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Jessie Vargas eager to show he’s better than ever with Shawn Porter in his sights

Jessie Vargas. Photo credit: Ed Mulholland/Matchroom Boxing USA

Jessie Vargas always craved an opportunity to show he can carry a promotion.

Finally, 10 years into his boxing career, he has his shot. Vargas is the A-side of the equation Saturday in Chicago as Eddie Hearn kicks off his first U.S.-based show on DAZN — billed Worlds Collide — the culmination of months of strategic planning at Matchroom Sport.

Vargas isn’t a star, the kind of fighter Hearn perhaps hoped to build his U.S. foray around, but the Las Vegas-based boxer is a bona fide welterweight contender, and a telegenic presence who is counted among the best interviews in the game.

At 29 years old, Vargas (28-2-1, 10 knockouts) believes he’s just now hitting his stride; that sweet spot where youth meets experience. Fresh off a thrilling draw with Adrien Broner in April, Vargas’ stock continues to rise. With a victory over Thomas Dulorme in the main event Saturday he’ll earn a title shot next year, although it could come against one of his best friends in the sport.

“It’s a step in the right direction (to headline as the main attraction),” Vargas told The Ring. ” … Every time you reach another pinnacle of success you want to find the next goal you must accomplish.

“I know winning this fight will give me the opportunity to fight the other champions and become the best in the division.”


That’s no easy task. The welterweight division is easily the most stacked in boxing. To establish himself as the best at 147 pounds, Vargas would have to run a gauntlet that includes titleholders Terence Crawford, Errol Spence Jr., Keith Thurman and his good pal, Shawn Porter.

Because if Vargas wins as expected, he’ll be one of the mandatory challengers for the WBC title held by Porter, a man he’s struck up a close friendship with while living in Vegas.

“It was the fight I would pursue as the last resort,” said Vargas, who two defeats came to future hall of famers Manny Pacquiao and Tim Bradley. “We both accepted in the past we would not fight each other unless there was a world title on the line but guess what? He’s the champion now. We understand how the business works. We always knew it was possible, we just always hoped it would be later on.”

“I have a lot of respect for him. But as soon as I get inside the ring, everything changes. The respect is all thrown out the ring. If you look back at history, the times when guys who are friends fought each other, they were the biggest wars.”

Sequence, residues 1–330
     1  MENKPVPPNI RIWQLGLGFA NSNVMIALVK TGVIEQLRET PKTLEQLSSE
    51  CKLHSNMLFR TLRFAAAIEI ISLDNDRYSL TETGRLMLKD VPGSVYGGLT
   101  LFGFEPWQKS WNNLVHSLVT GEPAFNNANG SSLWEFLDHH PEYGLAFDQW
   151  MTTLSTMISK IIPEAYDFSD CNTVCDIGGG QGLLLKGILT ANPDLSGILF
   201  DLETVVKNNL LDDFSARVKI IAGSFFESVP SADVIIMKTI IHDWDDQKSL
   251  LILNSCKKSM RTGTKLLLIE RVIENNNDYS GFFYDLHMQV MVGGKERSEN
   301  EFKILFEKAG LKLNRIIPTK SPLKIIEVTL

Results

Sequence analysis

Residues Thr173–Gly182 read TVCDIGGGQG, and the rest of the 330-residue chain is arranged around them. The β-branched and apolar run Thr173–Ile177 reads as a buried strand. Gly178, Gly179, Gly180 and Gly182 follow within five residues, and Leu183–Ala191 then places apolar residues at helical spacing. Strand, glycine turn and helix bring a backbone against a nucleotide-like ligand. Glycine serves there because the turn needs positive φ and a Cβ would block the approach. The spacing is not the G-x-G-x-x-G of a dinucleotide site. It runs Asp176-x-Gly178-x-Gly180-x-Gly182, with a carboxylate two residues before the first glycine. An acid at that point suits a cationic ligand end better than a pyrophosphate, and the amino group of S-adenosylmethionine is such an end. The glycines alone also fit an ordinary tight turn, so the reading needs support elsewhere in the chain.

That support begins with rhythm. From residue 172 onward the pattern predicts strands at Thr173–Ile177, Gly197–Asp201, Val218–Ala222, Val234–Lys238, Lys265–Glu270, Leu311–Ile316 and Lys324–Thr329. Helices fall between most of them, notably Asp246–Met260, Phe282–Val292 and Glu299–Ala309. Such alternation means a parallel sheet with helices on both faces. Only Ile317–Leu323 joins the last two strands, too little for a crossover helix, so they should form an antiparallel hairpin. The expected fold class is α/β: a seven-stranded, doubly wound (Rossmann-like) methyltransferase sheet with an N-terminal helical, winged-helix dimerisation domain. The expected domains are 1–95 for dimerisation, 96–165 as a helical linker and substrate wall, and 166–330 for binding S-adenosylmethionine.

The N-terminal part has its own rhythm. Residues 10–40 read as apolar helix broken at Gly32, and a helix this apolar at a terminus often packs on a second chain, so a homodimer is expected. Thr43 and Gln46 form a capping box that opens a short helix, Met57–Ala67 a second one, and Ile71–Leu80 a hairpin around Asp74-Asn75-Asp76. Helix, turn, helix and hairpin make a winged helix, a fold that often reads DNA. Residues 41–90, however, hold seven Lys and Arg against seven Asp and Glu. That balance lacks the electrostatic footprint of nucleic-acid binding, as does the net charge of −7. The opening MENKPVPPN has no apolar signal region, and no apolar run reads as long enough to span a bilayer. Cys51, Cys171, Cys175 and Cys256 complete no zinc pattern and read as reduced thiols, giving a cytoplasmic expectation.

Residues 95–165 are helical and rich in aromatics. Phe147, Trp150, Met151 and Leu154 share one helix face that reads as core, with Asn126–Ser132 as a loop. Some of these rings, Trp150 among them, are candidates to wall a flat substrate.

That fight looms for the first half of 2019 provided Vargas turns back Dulorme, a 28-year-old Puerto Rican power-puncher who once was regarded as one of the prospects. That was six years and three losses ago. At this juncture, Dulorme (24-3, 16 KOs) is simply a stepping stone for Vargas.

The affable native of Los Angeles is a regular at all the biggest fights, and he’s well-acquainted with the politics that divide the sport. He became a two-division titleholder under the Top Rank umbrella before he jettisoned Bob Arum and Co. for Al Haymon and PBC last year.

Now, in his 10th year in the sport, he believes he’s finally found “the right promoter backing me and putting me in the biggest fights possible.” This is his first bout with Hearn, and the British promoter is making good on his promise to spotlight Vargas.

Hearn boasted that he would sign all the brightest stars in the sport when he announced his venture with DAZN in May — a deal that calls for 16 boxing cards Stateside per year — but so far, the plan hasn’t come to fruition. There’s still plenty of time to accomplish his goal, and he’s not discounting the possibility Vargas ascends to that perch.

“We need guys who are going to get themselves in position for big fights,” Hearn told The Ring. “All of a sudden, Jessie Vargas is in line to fight Porter, and we’ll be extremely aggressive in the bidding for that fight.”

Porter-Vargas would certainly be a nice pickup for DAZN. After all, Porter is coming off a career-best victory over Danny Garcia last month, and Showtime is one of the most dependable action fighters in the game. But for the fight to truly gain interest, Vargas knows he needs to do more than simply cruise past Dulorme.

“I’m perfecting the level of technique that I have,” he said. “I’m a young veteran in the sport. I know exactly what I’m doing. I have the ring savvy that I need to become world champion and maintain myself there.

“I need to make a statement and let the fans know that I’m not only back, but back better than ever. They’re going to see a new and improved Jessie Vargas: strong, versatile, extremely fast and all the experience on his side. Now I’m at the position of my career when I’m in prime and I’m going to shine on Saturday and the world will know I’m here to stay.”

Mike Coppinger is the Senior Writer for Follow him on Twitter: @MikeCoppinger